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Clinton Radio Talk Pushes Goal of Universal Coverage


WASHINGTON — In a radio address that seemed aimed more at Congress than the American public, President Clinton on Saturday defended his goal of universal health coverage and warned of a "last-ditch, special-interest media blizzard aimed at derailing reform and frightening you."

"We have to keep our focus for a few more weeks, so we can win a battle that has been fought for 60 years," Clinton said.

House and Senate Democratic leaders are attempting to fashion, from various committee bills and other alternatives, the health legislation that they will take to their respective chambers. Senate debate could begin as early as this week, with the House expected to begin its deliberations shortly thereafter.

The congressional leaders are trying to preserve Clinton's bottom line of guaranteeing health coverage to all Americans by a fixed date.

But resistance is stiff to Clinton's primary means of achieving that goal: a requirement that employers pay as much as 80% of their workers' health premium costs. Many members of Congress, including some Democrats, are saying that the so-called "employer mandate" will not survive in the Senate.

Instead, with public support for the Clinton plan ebbing, most Republicans and some Democrats are trying to build support for a more modest program that offers incentives for expanded coverage but does not mandate it.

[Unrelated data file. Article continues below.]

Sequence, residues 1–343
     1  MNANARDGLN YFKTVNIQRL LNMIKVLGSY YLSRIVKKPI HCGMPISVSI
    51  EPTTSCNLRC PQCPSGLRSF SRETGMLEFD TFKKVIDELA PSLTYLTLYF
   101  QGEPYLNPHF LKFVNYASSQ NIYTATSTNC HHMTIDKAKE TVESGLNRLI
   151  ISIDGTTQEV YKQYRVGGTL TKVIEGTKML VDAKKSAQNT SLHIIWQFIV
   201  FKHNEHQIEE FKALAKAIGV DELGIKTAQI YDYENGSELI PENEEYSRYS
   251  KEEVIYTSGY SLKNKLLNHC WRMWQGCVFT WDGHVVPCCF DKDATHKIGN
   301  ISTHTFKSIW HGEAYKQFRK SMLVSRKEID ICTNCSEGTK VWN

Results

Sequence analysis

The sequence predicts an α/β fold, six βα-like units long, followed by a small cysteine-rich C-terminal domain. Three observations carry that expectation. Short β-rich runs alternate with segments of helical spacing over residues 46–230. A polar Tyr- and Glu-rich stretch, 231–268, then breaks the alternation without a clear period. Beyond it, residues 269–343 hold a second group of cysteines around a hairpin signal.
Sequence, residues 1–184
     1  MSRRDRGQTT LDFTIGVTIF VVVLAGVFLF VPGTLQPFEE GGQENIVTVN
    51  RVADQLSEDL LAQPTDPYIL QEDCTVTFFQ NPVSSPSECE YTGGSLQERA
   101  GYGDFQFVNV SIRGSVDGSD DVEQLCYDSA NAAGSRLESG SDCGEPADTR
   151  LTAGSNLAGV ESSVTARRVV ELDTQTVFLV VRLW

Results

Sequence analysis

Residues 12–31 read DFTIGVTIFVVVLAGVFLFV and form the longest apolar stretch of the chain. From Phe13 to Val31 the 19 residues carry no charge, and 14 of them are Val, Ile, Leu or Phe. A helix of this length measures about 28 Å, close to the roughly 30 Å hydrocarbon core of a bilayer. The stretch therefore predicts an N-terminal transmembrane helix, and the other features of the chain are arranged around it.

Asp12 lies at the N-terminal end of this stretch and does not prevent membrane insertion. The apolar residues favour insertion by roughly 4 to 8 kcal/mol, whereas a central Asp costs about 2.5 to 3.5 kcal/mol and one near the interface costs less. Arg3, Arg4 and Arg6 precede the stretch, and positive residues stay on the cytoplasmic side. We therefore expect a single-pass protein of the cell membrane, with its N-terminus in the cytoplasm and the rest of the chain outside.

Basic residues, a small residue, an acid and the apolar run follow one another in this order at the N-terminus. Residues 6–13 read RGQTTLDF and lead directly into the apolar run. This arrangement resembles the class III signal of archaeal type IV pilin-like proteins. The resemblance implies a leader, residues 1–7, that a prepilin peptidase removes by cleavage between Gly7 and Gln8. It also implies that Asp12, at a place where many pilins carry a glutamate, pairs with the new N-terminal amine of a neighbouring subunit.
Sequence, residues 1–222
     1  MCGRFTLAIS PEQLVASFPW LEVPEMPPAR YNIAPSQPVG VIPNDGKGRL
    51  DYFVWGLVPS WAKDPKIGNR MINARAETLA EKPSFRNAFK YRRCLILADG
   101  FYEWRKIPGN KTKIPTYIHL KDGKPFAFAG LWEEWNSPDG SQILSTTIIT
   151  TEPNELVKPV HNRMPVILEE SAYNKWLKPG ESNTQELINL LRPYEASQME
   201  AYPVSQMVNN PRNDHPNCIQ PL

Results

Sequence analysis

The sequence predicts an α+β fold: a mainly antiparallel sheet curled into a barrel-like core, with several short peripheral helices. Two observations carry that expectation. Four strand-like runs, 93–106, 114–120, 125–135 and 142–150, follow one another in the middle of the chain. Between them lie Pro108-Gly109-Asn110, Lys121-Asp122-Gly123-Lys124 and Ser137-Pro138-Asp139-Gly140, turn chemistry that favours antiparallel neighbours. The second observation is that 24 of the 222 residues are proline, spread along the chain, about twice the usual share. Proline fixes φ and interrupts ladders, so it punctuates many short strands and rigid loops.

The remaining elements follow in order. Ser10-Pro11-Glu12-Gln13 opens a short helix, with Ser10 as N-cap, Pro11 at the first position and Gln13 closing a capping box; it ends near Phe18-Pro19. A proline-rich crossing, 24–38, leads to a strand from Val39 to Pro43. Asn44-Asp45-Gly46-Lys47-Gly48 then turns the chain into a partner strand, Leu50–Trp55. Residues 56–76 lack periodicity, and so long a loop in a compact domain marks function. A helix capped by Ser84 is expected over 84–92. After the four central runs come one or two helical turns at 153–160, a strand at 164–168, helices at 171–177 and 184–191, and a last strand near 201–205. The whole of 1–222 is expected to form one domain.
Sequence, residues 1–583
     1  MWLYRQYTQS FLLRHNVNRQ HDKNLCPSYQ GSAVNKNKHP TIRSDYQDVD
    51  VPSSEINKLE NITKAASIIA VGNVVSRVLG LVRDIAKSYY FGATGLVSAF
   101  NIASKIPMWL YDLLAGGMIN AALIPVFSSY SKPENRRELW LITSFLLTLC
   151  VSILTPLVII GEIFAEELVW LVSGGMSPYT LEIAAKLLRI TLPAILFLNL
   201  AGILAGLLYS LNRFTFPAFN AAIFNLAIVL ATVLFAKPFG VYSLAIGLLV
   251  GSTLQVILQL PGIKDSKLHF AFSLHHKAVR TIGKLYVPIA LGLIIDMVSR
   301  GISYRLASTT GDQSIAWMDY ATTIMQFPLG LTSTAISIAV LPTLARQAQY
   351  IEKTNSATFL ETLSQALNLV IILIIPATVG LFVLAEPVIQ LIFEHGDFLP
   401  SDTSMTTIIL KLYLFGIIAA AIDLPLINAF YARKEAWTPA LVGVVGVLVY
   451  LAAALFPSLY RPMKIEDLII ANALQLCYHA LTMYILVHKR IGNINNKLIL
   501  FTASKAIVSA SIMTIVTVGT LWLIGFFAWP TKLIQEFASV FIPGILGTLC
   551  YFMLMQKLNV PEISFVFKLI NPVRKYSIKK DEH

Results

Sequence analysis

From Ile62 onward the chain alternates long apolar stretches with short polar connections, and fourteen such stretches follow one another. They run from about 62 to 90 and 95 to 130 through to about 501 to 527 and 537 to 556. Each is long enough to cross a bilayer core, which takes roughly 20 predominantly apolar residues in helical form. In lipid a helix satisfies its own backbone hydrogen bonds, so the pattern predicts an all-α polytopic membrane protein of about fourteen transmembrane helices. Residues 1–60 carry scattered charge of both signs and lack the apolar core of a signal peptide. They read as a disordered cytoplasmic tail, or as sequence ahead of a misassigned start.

In the GOP response to the President's speech, Rep. Fred Upton (R-Mich.) urged just such a "common-sense" approach: "Fix what's broken, don't mess with what works and make time for preventive care."

However, Clinton insisted that "modified half-measures" will not work. Unless everyone is required to be covered, he said, younger and healthier people will opt out of the system, making everyone else's premiums more expensive. And when the uninsured do seek treatment, he added, it will be in the expensive setting of the emergency room.

The President framed the debate as one of historic proportions, as significant as the efforts that produced Social Security and Medicare. He said those programs, too, were criticized as overly bureaucratic, harmful to small business and too expensive.

Clinton noted that this week will mark the popular Medicare program's 29th anniversary.

"The American people made it clear then that they wanted reform, and today, the pen President Johnson used to sign that legislation is mounted in a position of honor in the White House just down the hall from where I'm speaking," Clinton said. "And if you tried to repeal Medicare, members of Congress from both parties would never let it happen."

On Saturday morning, Clinton flew to Hot Springs, Ark., with several former classmates aboard Air Force One, to attend his 30th high school class reunion.

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